The head of the Massachusetts Conference of the United Church of Christ has criticized the state's four Catholic bishops for pushing a proposed state constitutional amendment that would ban marriage rights for gay men and lesbians, saying it's an issue of civil law, not religion. In a letter E-mailed Monday to each of the state's 430 UCC congregations, president Nancy Taylor said denying gay people marriage rights is discrimination, and she questioned why the bishops asked parishioners to lobby legislators to support such a ban. She said Catholic officials wouldn't be forced to perform gay marriages even if they were to become a civil right. "The Catholic Church has every right to try to enforce its teachings among its own members, but I believe the question before the legislature must be argued and decided on the grounds of civil rights, not Catholic or any other religious doctrine," Taylor wrote.
At masses last weekend many priests, prompted by a call from the bishops, reiterated the Catholic Church's opposition to same-sex marriage. Some parishioners protested, turning their backs to the altar or walking out of church. The call came as the state's supreme judicial court considers if marriage between members of the same-sex is permitted under the state constitution. The legislature also is expected to consider a proposed constitutional amendment defining marriage as solely between a man and a woman.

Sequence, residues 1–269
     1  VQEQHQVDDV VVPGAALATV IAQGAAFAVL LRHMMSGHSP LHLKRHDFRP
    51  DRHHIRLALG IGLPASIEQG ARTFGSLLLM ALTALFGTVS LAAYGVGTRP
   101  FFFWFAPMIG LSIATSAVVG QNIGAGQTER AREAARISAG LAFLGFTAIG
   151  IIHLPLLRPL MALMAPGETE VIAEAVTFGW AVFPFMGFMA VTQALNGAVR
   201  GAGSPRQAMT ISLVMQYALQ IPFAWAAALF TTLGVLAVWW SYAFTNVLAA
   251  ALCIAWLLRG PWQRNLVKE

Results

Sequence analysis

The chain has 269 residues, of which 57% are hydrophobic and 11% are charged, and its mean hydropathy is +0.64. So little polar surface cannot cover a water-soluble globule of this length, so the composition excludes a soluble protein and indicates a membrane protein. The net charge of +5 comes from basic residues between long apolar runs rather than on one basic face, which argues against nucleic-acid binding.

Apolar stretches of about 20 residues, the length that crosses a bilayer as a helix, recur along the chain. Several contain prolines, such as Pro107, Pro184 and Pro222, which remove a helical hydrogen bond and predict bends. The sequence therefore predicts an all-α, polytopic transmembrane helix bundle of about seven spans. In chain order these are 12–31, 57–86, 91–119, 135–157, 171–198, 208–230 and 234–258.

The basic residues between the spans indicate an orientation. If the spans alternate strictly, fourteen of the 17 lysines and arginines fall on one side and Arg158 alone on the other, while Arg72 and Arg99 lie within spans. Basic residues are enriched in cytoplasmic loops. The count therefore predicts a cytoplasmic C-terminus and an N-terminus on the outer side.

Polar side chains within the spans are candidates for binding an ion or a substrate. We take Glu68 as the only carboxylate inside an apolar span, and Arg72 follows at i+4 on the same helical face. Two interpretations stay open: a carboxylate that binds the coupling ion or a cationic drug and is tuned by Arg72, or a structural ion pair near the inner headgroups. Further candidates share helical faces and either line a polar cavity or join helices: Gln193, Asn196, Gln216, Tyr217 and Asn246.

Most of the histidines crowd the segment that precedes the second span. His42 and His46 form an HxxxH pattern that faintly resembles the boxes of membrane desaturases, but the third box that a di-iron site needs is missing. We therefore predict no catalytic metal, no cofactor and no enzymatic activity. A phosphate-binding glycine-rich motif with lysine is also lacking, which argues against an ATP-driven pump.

Dan Avila of the Massachusetts Catholic Conference said the issue extends beyond religious ceremony because if marriages between gay people were a civil right, the church might be asked to betray its moral principles in following the law. For instance, he said, antidiscrimination laws might require the church to hire gay married people at Catholic organizations, even though the church believes gay marriage is immoral. The church is not trying to deny basic civil benefits to gay people, he said, but it doesn't believe the definition of marriage should be changed to ensure those benefits. "What we've had since the beginning of this commonwealth has served us well, and I think it will continue to serve us well," Avila said.
Taylor said she wrote the letter to ensure that the bishops weren't the only religious leaders speaking out on the issue, adding that she knows not all UCC churches, also called Congregational churches, agree with her. "I don't want to leave [the bishops'] voice alone without responding that there are Christians out there who disagree profoundly," Taylor said. In her letter, she said the bishops don't recognize that families come in many forms. "Among these configurations of family there are many gay and lesbian people who, living in committed relationships with life partners, are gifted parents," she wrote. "Yet under current laws, we do not support these families; instead, they are denied the basic rights that most of us take for granted."